Unless I missed some major recent development, modifying an entangled particle and "instantly" observing the effect on its correlated partner is precisely what you cannot do with an entangled pair. Gets into that whole pesky faster than light communication thing that makes causality not work.

Is he just conflating entanglement and quantum teleportation?

quantum biological? (1)

smoothnorman (1670542) | more than 3 years ago | (#34027804)

There is a theory, probably via Roger Penrose (or not, or both), that biological brains are so curiously different from standard computers and good at diffuse problems like pattern matching exactly because they are tapping into quantum entanglement as a material for decision making. So... build ye a quantum computer and see it stare back from the (quantum) abyss at you... (or not)

Oh no, not again! (2, Informative)

maxwell demon (590494) | more than 3 years ago | (#34027836)

From the article:

"This shared state means that a change applied to one entangled object is instantly reflected by its correlated fellows"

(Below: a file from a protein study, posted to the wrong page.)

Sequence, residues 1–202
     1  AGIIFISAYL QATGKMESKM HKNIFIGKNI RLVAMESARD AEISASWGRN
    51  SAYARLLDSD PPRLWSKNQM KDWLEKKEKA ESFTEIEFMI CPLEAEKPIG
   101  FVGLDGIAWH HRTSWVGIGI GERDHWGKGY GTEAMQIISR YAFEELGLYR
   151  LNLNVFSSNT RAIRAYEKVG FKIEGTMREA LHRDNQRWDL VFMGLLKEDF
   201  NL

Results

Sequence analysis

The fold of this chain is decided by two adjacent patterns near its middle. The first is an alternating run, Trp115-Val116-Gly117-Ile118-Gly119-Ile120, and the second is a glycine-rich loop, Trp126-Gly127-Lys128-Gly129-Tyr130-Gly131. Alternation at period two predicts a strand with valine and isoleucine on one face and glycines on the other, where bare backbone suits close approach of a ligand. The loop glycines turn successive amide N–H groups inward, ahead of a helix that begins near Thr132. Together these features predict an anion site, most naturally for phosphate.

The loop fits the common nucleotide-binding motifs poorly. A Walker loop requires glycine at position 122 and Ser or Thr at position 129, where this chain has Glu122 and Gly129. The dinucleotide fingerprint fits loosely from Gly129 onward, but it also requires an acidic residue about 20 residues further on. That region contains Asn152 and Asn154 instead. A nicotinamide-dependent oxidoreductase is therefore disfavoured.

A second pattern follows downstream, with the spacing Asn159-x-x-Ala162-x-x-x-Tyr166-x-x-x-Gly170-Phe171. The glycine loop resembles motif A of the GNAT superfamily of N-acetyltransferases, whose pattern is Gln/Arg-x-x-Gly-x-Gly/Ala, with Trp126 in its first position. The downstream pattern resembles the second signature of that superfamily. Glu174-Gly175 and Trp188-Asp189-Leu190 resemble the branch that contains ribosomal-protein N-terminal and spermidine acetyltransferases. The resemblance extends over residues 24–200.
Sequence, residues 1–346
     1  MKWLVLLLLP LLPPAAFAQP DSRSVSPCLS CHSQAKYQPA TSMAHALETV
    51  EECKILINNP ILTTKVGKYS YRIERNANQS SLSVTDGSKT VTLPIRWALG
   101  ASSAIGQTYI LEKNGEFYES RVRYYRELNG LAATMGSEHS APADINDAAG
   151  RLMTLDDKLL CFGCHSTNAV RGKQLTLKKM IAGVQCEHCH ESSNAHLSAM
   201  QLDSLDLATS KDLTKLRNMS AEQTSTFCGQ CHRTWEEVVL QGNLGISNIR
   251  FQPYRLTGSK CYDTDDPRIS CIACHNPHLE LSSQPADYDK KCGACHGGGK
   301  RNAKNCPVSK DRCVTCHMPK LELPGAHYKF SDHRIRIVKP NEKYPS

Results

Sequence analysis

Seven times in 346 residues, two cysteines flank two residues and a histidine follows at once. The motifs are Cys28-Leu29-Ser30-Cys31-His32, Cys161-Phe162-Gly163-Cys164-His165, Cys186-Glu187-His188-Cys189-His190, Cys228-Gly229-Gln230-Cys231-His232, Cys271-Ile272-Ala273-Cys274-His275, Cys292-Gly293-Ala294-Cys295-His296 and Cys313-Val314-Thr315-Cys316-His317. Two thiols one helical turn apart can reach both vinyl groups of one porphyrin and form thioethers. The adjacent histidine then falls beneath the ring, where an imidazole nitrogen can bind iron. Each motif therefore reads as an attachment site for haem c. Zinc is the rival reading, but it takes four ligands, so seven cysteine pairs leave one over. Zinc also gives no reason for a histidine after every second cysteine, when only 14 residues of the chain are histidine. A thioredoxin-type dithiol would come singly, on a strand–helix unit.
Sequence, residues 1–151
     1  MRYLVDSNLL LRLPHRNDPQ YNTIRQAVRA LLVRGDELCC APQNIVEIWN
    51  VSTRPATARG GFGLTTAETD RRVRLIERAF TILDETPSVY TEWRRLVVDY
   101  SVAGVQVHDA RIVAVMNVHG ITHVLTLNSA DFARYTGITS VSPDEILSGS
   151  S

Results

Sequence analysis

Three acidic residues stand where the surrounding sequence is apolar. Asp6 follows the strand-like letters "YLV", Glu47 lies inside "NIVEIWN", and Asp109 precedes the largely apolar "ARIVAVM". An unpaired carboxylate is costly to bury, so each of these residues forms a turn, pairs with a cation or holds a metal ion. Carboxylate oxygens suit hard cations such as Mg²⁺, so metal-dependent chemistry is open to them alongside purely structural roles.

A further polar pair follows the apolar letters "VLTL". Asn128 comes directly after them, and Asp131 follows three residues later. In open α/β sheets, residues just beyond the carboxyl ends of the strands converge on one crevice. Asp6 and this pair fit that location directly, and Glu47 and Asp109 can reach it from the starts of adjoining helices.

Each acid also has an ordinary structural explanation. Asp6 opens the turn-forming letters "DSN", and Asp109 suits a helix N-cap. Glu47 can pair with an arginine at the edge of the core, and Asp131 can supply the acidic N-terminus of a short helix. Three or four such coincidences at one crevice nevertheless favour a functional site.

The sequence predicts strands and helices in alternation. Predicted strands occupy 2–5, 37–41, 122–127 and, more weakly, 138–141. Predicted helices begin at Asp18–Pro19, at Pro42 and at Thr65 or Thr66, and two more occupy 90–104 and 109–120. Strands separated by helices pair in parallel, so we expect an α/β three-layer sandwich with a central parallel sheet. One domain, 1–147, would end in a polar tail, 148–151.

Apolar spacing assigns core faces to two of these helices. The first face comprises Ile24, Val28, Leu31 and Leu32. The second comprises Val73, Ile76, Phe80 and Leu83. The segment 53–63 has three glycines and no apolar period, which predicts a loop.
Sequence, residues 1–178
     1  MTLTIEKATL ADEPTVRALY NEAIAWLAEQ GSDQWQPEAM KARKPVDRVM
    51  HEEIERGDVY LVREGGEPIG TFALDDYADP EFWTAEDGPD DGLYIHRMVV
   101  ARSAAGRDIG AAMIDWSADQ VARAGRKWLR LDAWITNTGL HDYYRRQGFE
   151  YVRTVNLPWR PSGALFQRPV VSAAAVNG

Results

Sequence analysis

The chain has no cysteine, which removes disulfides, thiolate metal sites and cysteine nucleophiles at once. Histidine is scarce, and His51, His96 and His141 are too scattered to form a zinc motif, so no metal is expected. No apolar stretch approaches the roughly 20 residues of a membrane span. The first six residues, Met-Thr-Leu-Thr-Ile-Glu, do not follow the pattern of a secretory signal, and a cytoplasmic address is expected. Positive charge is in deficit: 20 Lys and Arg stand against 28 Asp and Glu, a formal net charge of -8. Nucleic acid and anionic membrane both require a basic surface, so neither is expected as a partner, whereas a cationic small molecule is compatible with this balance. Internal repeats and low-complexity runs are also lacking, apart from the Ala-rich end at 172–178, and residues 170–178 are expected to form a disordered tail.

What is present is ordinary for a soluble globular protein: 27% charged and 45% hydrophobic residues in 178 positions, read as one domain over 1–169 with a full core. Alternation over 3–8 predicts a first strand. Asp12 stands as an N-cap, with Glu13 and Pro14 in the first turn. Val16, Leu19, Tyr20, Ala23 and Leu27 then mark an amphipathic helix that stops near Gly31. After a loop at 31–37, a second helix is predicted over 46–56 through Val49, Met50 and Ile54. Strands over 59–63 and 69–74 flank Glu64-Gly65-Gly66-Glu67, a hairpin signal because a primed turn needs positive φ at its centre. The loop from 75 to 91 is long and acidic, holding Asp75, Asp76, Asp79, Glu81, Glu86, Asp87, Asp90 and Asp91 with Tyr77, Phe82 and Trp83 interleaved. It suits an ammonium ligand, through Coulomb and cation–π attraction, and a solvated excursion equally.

Why, oh why, is this nonsense repeated again and again. If you change one entangled particle, you do not change the other. For example, if you have two spins entangled in a way so that if one is measured "up" the other is measured "down" and vice versa, and you turn the one spin around (without measuring it) then you'll have an entangled state where if you measure the first spin "up" the other one is also measured "up", just as you'd expect. As long as you don't measure, there's no "spooky action at a distance" but only local changes. The "spooky action at a distance" happens at measurement (which BTW destroys the entanglement), and it's all but a given that there's indeed an action at a distance (you only need it if you want a certain type of interpretation, where basically "under the hood" the system behaves completely classical, but we don't see it because there are so-called hidden variables which we cannot determine). The point is that in an entangled state the correlation is all which is defined, and the result of local measurements are completely undefined (OK, strictly speaking this is only true for maximally entangled states, for others there's less correlation and more local information; it's basically a trade-off between the two). Now when you measure the spin of one of the particles, the value of the spin gets a defined (but random) value (up or down, in the direction you measure), and also the value of the spin of the other particle gets a defined value, which is determined by the entangled state and the result you got for the first particle, i.e. if the entangled state was "both particles have opposite, but otherwise undefined spin" then after measurement, the particles will have opposite, well-defined spin. However, since the result is random, if you have the other particle, you cannot see any difference whether the first particle has been measured or not; he will get a random result either way. Only if he gets told the measurement result of the first particle, he can predict (or, if he already measured, compare) his measurement result.